3. A method of making cigaret papers from a paper strip, which includes the steps of feeding forward said paper strip, passing said strip below a complementary backing, subjecting the underside of said strip to the action of a wetted roller pressing against said backing and having ribs raised above the surface of said roller, pass ing said lineate strip between draw-rollers and leadingv it to, between geared-together breaking rollers, Jwhenebysaid breaking rollers detach the foremost cigaretpaper, at its moistened join with the following'cigaret paper. I v

4'. A method, according to claim 3, which includes the step of guiding the travelling lineate strip over a table to the said breaking rollers. 5. Amethod of making cigaret papers from a paper strip whichincludes the steps of feeding forward said paper strip, mechanically imprinting said strip with moistened transverse lines spaced apartto correspond with the width of a finished 'cigaret paper, subjecting said lineate strip to a mechanical device for tearingsaid strip between theforemost paper and the next succeeding paper to detach thereby the foremost cigaret paper, and timing the tearing operation to takeiplace-immed-iately before the remainder of the paper strip isagain mechanically imprinted with a moistened line,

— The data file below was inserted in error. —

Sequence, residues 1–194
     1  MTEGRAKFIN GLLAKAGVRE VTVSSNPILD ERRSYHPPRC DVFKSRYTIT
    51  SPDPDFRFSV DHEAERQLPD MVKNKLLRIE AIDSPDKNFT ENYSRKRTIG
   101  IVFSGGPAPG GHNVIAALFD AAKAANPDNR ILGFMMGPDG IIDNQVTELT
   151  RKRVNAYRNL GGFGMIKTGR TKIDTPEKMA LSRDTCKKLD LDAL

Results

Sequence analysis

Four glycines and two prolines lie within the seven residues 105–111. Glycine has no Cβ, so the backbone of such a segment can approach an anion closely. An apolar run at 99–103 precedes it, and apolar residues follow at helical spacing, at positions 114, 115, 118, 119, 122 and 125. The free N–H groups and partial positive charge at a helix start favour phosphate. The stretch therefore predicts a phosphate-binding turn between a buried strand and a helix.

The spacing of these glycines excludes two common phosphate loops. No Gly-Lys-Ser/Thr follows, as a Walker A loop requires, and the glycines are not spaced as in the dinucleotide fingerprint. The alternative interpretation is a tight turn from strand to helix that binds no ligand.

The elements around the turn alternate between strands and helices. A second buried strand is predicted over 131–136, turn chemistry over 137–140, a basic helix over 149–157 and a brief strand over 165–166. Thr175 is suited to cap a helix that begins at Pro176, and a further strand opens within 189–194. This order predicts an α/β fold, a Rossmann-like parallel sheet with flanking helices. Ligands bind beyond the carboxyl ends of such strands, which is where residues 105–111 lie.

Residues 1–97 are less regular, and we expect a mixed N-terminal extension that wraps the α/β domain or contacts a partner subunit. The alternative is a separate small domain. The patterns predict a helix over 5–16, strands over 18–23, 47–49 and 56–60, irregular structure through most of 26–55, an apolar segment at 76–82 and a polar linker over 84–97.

6. A method of forming finished cigaret papers from apstrip of paper of a width corresponding with the length of the desired cigaret paper, which includes the steps offeeding forward said strip, moistening saidrstrip at intervals corresponding with the width of the desired cigaret paper, mechanically tensioning the said paper strip between-the leading and trailing edges of the foremost rigaret paper and mechanically detaching, said foremost cigaret paper at its trailin edge I RICHARD NORMAN BOOTH.

REFERENCES EITED The following references are of record in the file (if this patent:

UNITED STATES PATENTS Number ,Name Date 2,006,499 Fourness ls July 2, 1935 2,266,995 Schultz l Dec. 23, 1941 2,36 999 Qampbell l, Jan. 9, 1945